Archbishop Lori: It's been clear from the beginning that we would seek every avenue of defending our First Amendment rights -- the Executive Branch, we've tried legislative remedies. And everyone understood that the clock is ticking.

Arroyo: This kicks in in August.

Lori: It's going to kick in in some of these institutions in August. So we didn't have much of a choice when it came to timing. Some would say, "Well perhaps you could wait to see how the suits against the overall health-care bill go, and maybe it will be disabled there." We can't wait.

Arroyo is right: According to the final regulations, in the month of August some religious organizations will have to cover contraception for employees. He just failed to note the year, which is 2013. And if the Obama administration makes good on its promised accommodation, those organizations -- including those that self-insure -- won't have to contract or pay for contraception coverage. So of course the complainants had a choice. They could have waited for the Supreme Court's decision. They could have waited until the comment period on the proposed accommodation concluded. But they chose to sue now.

In the middle of the interview, Arroyo played a clip of White House Press Secretary Jay Carney responding to a question about the lawsuits. Carney explained that the policy of the president meets "two important objectives": it ensures women have access to preventive services, including contraception, and it respects religious liberty. "Our door remains open to faith-community leaders," Carney said. Is that so? Arroyo asked. Lori's reply:

When I met with the president's chief of staff several months ago, what became clear was that there is no openness thus far to removing the constricting definition of what a religious body is, and no openness to taking the mandate itself off the table.... The president is pursuing his first goal, which is to make contraceptives and abortifacients universally available, but he is not pursuing the second goal [of protecting religious liberty].

Leaving aside the fact that in his previous diocese Lori allowed Catholic hospitals to dispense emergency contraception -- what he means by "abortifacients" -- to rape victims, there's no way the Obama administration is going to ditch the contraception mandate completely. Still, the president would do well to consider what the bishops are promising.

Cardinal Wuerl: To talk about the door being open--that's wonderful. But there has to be some productive results.... What never that definition.... The problem goes away if that definition is changed.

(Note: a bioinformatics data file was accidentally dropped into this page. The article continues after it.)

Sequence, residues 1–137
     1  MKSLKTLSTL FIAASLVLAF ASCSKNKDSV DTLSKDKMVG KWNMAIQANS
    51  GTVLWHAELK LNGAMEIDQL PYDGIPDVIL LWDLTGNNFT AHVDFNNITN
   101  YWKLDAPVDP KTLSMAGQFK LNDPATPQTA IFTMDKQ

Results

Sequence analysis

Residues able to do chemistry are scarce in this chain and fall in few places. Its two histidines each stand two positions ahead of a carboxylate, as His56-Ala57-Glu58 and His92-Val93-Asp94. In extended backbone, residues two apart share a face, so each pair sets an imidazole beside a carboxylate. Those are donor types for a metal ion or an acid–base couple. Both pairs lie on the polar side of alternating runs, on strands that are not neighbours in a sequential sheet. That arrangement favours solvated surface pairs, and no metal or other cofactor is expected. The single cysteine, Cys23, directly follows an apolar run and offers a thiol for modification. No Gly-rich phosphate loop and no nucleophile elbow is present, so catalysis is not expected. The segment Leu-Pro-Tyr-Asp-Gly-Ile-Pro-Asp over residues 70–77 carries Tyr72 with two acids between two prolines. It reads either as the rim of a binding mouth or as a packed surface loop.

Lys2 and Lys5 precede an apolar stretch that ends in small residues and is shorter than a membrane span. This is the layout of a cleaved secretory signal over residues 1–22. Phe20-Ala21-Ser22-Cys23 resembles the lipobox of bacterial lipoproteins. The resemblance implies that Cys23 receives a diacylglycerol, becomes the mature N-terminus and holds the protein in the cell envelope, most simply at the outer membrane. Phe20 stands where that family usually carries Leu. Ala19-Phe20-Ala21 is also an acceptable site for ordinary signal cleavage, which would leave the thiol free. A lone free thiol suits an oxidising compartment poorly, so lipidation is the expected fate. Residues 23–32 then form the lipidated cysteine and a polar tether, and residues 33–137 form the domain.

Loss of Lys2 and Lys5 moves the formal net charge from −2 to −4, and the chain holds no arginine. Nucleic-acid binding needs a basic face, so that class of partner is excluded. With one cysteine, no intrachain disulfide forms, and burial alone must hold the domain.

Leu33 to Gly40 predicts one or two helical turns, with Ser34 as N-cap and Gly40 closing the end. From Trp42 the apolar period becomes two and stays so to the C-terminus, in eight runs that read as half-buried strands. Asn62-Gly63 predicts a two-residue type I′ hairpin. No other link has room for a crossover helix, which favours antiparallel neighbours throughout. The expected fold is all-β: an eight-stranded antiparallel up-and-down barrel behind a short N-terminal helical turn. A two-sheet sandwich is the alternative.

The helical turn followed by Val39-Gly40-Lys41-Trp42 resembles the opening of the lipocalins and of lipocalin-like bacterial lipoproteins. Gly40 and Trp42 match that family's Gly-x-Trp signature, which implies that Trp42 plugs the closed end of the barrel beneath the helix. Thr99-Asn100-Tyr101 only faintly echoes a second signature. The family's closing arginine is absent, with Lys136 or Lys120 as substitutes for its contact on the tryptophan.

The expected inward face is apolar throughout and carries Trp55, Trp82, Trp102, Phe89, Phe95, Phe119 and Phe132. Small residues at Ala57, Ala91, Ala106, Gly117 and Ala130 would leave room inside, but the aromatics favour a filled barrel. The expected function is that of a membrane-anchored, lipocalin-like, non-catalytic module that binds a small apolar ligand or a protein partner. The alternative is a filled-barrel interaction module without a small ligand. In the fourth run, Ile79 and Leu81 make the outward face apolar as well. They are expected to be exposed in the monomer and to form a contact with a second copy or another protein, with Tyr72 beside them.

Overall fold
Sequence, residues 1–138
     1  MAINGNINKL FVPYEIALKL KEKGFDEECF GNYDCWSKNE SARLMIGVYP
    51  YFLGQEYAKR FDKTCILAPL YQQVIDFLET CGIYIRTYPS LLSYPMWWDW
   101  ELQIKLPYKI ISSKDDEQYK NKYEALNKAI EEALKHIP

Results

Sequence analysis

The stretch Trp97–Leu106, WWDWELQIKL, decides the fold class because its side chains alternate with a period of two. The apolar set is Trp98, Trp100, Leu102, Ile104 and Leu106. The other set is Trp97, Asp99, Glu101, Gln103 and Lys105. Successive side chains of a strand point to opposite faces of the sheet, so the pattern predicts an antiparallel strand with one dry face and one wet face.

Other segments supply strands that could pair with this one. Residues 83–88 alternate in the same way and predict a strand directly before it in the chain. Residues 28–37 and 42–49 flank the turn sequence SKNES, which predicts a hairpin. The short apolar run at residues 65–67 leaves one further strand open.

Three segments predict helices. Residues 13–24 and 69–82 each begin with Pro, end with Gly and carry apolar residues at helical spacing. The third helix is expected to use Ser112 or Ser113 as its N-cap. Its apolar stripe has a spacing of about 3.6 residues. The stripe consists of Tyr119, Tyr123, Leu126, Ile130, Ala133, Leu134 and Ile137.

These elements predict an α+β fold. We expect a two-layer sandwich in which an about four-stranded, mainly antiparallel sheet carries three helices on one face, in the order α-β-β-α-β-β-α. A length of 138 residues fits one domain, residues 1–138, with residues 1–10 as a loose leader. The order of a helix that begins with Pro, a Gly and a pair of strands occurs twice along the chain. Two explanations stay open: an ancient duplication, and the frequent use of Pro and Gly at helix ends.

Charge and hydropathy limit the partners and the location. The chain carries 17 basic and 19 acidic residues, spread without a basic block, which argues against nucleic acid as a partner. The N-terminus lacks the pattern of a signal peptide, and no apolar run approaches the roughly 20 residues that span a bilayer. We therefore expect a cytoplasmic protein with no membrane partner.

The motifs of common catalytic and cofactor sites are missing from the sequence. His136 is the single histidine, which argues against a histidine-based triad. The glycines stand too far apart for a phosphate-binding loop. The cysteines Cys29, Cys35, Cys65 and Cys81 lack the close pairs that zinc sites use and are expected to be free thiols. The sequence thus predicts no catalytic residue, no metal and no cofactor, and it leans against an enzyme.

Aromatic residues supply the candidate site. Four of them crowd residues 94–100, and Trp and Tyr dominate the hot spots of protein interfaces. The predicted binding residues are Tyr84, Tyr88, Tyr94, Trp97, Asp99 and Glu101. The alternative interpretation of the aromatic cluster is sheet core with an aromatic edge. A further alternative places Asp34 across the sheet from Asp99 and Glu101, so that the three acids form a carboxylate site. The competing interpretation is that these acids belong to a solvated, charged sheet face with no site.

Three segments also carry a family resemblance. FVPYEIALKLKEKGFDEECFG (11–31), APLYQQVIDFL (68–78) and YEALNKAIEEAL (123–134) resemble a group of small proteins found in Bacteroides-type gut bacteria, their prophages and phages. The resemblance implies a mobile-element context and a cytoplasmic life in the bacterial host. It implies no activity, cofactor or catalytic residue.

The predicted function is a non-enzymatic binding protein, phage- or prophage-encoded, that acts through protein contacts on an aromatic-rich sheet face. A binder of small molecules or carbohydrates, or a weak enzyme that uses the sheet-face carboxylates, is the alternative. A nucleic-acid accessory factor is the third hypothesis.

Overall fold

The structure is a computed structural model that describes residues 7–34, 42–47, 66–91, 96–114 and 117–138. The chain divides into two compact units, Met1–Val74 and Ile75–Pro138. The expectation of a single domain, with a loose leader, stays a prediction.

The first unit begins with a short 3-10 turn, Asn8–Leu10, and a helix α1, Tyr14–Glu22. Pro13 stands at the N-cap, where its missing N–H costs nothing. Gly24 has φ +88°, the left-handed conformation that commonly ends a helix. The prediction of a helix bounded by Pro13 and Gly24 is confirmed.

As administration officials work to finalize the accommodation this summer, they should ask themselves: Is this definition of religious employer worth the headache? What does it get them? How does it benefit their policy goals? Is it the only way to achieve those goals? If the answer to that last question is no, then perhaps the most prudent course is scrapping the narrow definition in favor of something with a bit more statutory precedent.


Commenting Guidelines

Thanks, John, for such a detailed post.As I noted before, the question of "whose money is being spent and for what" seems to be core in ways that the bishops do not 'fess up about. As noted, $2.9 billion of federal monies goes to Catholic Charities in different grants which represents 62% of its total amount for dispersal. Can the case be made that the government would be a controlling interest through a Board of Directors if it were constituted proportionately and therefore would have its say about how other policies would be implemented? this obviously izs not the case, but when cardinal Dolan says "Just leave us alone about how we administer our religious charities," he simplifies considerably.The case with schools and universities is even more complex, I guess, but it does not seem diffcult to make some other arguments.I have thought that the bishops sense of "relgious freedom" in some ways stopped its historical appreciation in the mid-19th century when Catholic entities were entirely funded by Catholic interests, individuals, or philanthropists as if there has not been a complex inteweaving of funding sources for "religious" endeavors -- education, health, charities -- since then.